The raised veggie beds on the left are for annual vegetables and the fence directly behind them has cable wire which the young passionfruit vines will grow up and along – soaking up the hot sun hitting the fence. On the far right are some existing rose bushes with a floral understory of mixed daisies – yes, even permaculture values flowers of all types for beauty and the bees (they need to eat too).

The bed with the steeping stones is also based off a food forest model with ground covers of mixed edible herbs, sweet alice flowers, mixed currants, native Hardenbergia vine growing up the funky vertical structure and one blueberry shrub (out of shot). The Hardenbergia will eventually create some “soft” privacy between the two homes, creating different garden spaces/rooms.

A baby native Hardenbergia

This bed leads around the west side of the house to the communal compost station shared between the two houses.

Where you’ll find this worm farm made from a recycled bath and hardwood timber.

The northern patio area (seen below) welcomes sunlight into the house and creates a warm, protected microclimate to grow grape vines up the fence line and eventually beneath the laserlite roofing. This will provide summer shade (and food) while still allowing winter sun into the space once the grape’s drop their leaves in late autumn/early winter.

Baby grapes getting ready to grow up that whole fence!

The paths are intentionally generous to allow for easy movement between the two houses and visiting grandkids to run and ride their bikes round and round and round.

The new gate cut into the side of the existing fence to access the new small house is just so special and inviting…

You walk straight into this…

The site that welcomes the residents home every day.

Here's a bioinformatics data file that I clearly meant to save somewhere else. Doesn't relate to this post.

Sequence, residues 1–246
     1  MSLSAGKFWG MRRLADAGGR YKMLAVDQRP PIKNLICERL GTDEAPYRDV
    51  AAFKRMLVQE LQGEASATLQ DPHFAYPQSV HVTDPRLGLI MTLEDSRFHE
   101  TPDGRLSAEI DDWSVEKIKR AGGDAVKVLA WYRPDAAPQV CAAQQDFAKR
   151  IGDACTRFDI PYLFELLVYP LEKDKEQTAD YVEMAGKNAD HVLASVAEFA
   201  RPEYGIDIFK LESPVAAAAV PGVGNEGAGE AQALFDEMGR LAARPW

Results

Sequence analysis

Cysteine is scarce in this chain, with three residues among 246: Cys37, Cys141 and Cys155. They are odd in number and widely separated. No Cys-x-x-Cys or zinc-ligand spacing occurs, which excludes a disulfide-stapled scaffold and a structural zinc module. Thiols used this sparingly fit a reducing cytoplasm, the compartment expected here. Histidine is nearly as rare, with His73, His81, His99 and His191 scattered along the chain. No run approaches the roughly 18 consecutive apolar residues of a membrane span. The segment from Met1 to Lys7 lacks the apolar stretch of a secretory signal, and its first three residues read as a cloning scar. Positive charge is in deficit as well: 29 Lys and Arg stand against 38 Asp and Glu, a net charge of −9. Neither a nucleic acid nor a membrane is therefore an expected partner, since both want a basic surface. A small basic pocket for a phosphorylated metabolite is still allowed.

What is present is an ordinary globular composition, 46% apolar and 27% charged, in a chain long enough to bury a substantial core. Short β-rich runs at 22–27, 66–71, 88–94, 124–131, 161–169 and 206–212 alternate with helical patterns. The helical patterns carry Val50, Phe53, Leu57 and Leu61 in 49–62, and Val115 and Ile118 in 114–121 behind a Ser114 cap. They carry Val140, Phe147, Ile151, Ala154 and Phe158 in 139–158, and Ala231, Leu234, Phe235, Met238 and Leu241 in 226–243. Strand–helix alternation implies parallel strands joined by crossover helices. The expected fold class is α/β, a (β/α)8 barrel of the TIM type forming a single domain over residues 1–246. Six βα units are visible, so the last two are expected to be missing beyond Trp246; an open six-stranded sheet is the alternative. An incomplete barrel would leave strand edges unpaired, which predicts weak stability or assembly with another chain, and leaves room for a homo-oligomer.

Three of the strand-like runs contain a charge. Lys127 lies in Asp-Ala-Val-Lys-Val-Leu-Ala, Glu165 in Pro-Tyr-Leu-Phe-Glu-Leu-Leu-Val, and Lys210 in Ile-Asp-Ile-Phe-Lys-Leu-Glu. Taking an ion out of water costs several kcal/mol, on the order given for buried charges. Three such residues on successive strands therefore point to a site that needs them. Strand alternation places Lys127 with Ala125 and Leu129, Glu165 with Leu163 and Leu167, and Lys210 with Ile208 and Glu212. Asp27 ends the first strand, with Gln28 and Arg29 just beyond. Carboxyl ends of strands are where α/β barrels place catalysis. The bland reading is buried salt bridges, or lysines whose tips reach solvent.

Me with Danny Lees and Sam (from Earth and Wood), being our best smiley selves – eating cake with one of the delightful clients to celebrate completion.

  • Special thanks to Jordan Davis for the photos.
  • If you’re looking for a skilled and friendly landscaper trained in permaculture, talk to Danny from Earth and Wood: 0468 667 633 (website coming soon).
  • For more information on the building side of things, contact Designful.
  • If you’d like to work with us to design your house and landscape, drop us a line at hello@goodlifpermaculture.com.au
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Tagasaste (tree lucerne): Friend or Foe?

Tagasaste or tree lucerne (Cytisus proliferus), is a small evergreen tree that grows 3-6m high (depending on soil and rain) and is a popular plant for people looking to regenerate poor soils and feed livestock.  It’s indigenous to the dry volcanic slopes of the Canary Islands and was introduced to Australia some time around 1879 when seeds where sent from the Royal Botanic Gardens, Kew, England to the Adelaide Botanic Gardens.

Image from Pastures Australia

It has a varied reputation across Australia. While some farmers and land holders love it and swear by it for its incredible ability to grow in the shittiest of shittiest soils and provide nutritious fodder for their livestock – others dedicate their lives to removing what can become an invasive species if left unmanaged. So if you’re looking to start a lively conversation with folks who only want natives in Australia, this plant will deliver just that.

Permaculture has some baggage around spreading weeds. I’ve heard people say things like “permaculture is nothing but a strategy to spread weeds” and “permaculture gardeners are messy, they’re just propagating invasive species and they’re so lazy they let them get out of control.”